A Kuwaiti beauty blogger criticised for making controversial comments regarding Filipino domestic workers remains defiant despite several major brands now severing ties.
North America’s MAC Cosmetics confirmed late Wednesday evening in a statement that it did not support Sondos Alqattan’s beliefs and would be ending its relationship with her.
It was followed by Japanese multinational Shiseido, which said on Thursday it “does not support or align with the recent statements made by Sondos Al Qattan”.
The companies joined a growing list of beauty brands including Max Factor Arabia, Anastasia Beverly Hills, M. Micallef and Chelsea Beautique in distancing itself from the star, who has 2.3 million followers on Instagram.
On Tuesday, French hair brand Phyto also said it had asked its local distributor to end any partnerships with the blogger in Kuwait, describing her actions as “dreadful” in a social media post.
In a now deleted video posted to her account last week, Alqattan reportedly described new worker protections given to Filipino domestic staff in Kuwait, which include the right to keep their passports and mobile phones, a guaranteed rest day each week and set rest hours a day, as “pathetic”.
“For [a maid] to take a day off every week, that’s four days a month,” she was quoted as saying. “Those are the days that she’ll be out. And we don’t know what she’ll be doing on those days, with her passport on her.”
The comments sparked a backlash against the star and saw many of those offended by the video lobbying brands to distance themselves from her.
However, in an interview with AFP on Monday she appeared unapologetic stating that the outcry was “unjustified”.
“I have the right as a kafil (sponsor) to keep my employee’s passport, and I am responsible for paying a deposit of up to KD1,500 ($4,900),” she was quoted as saying.
She went on to insist that keeping an employee’s passport was not an “insult to them” and did “not concern humanity or human rights because I did not deprive the employee of her salary or beat her”.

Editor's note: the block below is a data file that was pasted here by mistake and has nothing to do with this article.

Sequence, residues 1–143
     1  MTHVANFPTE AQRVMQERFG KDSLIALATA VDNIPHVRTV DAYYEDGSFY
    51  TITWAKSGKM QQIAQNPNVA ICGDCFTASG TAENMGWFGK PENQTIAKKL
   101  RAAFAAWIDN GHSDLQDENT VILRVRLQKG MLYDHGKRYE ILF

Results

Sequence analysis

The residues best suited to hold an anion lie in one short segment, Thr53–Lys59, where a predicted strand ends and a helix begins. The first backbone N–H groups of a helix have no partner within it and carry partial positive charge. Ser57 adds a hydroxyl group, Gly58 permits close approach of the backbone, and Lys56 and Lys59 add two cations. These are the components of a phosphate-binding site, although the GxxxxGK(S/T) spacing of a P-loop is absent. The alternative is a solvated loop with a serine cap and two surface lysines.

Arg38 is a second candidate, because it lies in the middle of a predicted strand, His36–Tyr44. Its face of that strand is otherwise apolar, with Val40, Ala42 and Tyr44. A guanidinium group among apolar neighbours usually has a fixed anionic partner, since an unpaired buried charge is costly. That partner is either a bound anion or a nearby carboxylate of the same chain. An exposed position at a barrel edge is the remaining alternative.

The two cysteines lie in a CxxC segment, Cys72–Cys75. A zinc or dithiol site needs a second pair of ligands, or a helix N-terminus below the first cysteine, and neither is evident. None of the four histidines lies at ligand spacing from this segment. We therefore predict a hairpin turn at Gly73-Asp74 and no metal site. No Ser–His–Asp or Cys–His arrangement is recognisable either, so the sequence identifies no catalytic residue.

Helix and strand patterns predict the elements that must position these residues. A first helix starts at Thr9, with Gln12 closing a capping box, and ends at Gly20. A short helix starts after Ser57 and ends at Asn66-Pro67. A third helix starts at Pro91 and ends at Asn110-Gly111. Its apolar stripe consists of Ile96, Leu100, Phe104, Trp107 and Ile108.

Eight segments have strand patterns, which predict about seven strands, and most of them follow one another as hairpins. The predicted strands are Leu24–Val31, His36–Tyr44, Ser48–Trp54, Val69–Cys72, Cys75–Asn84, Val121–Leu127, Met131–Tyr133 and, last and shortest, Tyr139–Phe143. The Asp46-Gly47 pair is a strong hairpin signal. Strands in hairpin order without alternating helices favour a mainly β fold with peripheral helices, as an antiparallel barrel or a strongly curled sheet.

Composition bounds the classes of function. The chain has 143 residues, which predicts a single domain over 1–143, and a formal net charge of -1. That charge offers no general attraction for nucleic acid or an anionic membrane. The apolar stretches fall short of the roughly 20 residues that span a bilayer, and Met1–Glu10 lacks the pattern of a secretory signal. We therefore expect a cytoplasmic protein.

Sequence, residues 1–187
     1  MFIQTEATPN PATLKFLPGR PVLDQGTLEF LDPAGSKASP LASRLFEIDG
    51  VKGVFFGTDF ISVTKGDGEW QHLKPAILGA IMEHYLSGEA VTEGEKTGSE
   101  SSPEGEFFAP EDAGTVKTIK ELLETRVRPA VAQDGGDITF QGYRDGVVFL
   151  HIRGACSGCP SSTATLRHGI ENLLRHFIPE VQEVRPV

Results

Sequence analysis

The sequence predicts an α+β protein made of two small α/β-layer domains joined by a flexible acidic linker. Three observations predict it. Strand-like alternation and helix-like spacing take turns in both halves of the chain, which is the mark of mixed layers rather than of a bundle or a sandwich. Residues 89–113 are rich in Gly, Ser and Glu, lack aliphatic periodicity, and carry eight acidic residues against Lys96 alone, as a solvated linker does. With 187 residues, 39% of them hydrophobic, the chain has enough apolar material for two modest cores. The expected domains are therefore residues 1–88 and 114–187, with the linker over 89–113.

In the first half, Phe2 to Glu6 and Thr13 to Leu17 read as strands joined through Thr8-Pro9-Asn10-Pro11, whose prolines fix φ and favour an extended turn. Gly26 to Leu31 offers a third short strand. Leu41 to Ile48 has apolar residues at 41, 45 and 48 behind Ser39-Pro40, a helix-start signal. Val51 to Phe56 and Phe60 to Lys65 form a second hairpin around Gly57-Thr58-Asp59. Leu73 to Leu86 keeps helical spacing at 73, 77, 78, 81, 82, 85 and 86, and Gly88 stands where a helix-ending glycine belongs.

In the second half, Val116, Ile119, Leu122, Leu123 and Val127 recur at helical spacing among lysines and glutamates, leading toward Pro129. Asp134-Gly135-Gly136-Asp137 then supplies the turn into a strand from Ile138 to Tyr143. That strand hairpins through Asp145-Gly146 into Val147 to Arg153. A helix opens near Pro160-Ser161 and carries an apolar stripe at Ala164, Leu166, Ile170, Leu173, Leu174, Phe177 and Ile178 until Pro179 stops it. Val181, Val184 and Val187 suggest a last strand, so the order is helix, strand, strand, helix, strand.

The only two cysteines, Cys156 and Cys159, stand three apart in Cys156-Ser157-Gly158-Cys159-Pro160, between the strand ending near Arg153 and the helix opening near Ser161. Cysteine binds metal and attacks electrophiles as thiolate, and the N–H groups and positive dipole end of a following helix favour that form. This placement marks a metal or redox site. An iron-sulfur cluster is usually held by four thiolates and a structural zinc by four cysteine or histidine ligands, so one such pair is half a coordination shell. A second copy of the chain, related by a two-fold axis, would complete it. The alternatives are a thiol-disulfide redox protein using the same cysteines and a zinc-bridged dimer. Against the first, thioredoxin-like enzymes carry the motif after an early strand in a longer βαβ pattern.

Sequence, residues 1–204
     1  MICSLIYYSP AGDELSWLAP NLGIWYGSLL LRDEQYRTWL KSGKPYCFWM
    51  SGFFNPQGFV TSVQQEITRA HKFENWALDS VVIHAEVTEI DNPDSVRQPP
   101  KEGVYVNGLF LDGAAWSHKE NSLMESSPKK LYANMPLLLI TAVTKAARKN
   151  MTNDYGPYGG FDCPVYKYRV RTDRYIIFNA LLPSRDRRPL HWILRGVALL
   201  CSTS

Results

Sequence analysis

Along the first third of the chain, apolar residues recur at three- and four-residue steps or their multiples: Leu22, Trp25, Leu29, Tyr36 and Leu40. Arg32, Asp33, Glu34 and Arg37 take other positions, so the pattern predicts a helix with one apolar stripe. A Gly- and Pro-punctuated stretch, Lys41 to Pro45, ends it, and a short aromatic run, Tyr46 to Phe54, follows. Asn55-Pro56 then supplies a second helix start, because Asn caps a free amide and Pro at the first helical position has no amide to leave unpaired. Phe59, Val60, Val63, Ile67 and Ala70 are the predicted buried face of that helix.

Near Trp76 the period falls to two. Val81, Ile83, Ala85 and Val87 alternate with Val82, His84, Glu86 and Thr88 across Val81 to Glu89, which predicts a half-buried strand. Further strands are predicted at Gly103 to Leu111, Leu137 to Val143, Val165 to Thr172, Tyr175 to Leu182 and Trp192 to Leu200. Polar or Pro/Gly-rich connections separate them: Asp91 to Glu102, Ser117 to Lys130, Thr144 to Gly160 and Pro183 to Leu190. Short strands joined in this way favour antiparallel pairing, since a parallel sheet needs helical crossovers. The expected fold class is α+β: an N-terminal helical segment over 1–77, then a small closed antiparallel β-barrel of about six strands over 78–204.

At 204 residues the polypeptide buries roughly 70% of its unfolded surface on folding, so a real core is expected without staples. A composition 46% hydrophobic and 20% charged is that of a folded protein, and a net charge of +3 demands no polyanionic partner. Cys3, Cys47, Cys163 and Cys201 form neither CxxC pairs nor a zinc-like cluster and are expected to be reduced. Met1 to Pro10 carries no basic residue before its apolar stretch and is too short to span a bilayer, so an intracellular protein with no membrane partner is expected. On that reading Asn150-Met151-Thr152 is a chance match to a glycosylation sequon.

“The servant lives in the house just like the owners, he eats the same food, sleeps, rests and goes out shopping… this is a natural right. He’s not like a waiter who works fixed hours, so we give him a weekly leave,” she added, according to AFP.
She published a post on Instagram the same day expressing similar sentiment but also denying she had ever “in any way mistreated an employee”.
In another video posted on Twitter this week, Alqattan reportedly hit back again saying the “foreign media campaign” against her was an attack on Islam and Islamic headdress the hijab.
She also said the negative response to her previous video was an intentional attempt to damage the reputation of Kuwait and the Gulf region and vowed to publicly disclose any brands that cut ties with her so her fans could boycott them.
Some brands do not appear to have been not put off by the controversy, with the blogger posting a picture of herself promoting products from Qatar-based Al Jazeera Perfumes on Tuesday evening.
The new protections given to Filipino domestic staff are part of a labour deal the Philippine government and Kuwait signed in may after a row following a series of abuse cases.
Philippine President Rodrigo Duterte banned his countrymen and women from being deployed to Kuwait for months this year after several domestic worker suicides in the country were linked to abuse by their employers and the grim discovery of the body of a murdered maid in a freezer.
The two sides later quarrelled over worker rescue operations by the Philippine Embassy in Kuwait, which the Gulf country said were in breach of its sovereignty, before settling their differences after the Philippine ambassador was expelled.